The Chaucer Review: An Indexed Bibliography (Vols. 1-30)Return to the Subject List
Heffernan, Carol Falvo. "A Reconsideration of the Cask Figure in the Reeve's Prologue." 15 (1980): 37-43.
The Reeve's image of a cask of wine and his careful association of it with a stream of life contains sexual and religious allusions. As in the Reeve's image, Death is associated with baptism (stream of life), an idea borrowed from St. Paul's writings. The shape of the tap has phallic connotations.
Justman, Stewart. "Medieval Monism and Abuse of Authority in Chaucer." 11 (1976): 95-111.
Different Chaucerian characters use the same authorities for opposing ends, suggesting that for Chaucer, authority may be illogical and subject to dispute. The inconsistencies in authorities like Jerome allow writers to cite any authority for any reason. Finally, Paul, Jerome, and Boethius demonstrate that human experience cannot be reduced to one single rule.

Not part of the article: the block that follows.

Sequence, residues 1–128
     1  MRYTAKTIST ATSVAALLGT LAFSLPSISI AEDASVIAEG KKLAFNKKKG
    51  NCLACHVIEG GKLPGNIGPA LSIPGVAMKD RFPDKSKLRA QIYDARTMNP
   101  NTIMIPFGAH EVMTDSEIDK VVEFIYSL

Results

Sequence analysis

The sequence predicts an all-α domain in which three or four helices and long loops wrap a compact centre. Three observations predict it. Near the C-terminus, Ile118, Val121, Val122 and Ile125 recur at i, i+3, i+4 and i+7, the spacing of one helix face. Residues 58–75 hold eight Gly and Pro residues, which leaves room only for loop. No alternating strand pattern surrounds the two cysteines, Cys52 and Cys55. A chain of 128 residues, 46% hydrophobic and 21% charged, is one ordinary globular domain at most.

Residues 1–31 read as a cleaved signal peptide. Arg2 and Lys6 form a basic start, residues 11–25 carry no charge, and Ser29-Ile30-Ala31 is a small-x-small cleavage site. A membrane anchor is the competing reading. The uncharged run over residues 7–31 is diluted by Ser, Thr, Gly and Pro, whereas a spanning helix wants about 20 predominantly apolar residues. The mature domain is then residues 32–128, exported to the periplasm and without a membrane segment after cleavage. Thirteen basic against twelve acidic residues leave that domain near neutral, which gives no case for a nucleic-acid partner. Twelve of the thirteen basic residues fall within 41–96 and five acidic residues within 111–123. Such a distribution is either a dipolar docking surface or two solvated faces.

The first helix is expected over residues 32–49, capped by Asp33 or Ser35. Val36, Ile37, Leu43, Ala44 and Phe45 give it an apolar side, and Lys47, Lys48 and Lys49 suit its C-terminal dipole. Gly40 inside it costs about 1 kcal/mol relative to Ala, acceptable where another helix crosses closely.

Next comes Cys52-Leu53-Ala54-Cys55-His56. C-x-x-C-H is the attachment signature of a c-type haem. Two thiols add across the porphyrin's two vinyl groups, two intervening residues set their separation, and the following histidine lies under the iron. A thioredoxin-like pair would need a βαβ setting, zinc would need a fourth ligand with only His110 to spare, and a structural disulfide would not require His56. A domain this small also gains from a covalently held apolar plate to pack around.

Smith, Charles R. "Chaucer's Reeve and St. Paul's Old Man." 30 (1995): 101-06.
Scholars have suggested that the "four gleedes" are a borrowing from St. Fursey's vision in Bede's Historia, but actually they reveal the nature of the Reeve and his characters as defined by Paul in Ephesians 4. The Reeve and his characters demonstrate that they are not free of the old man spiritually and that they still partake of the four specific sins Paul lists as evidence of bondage.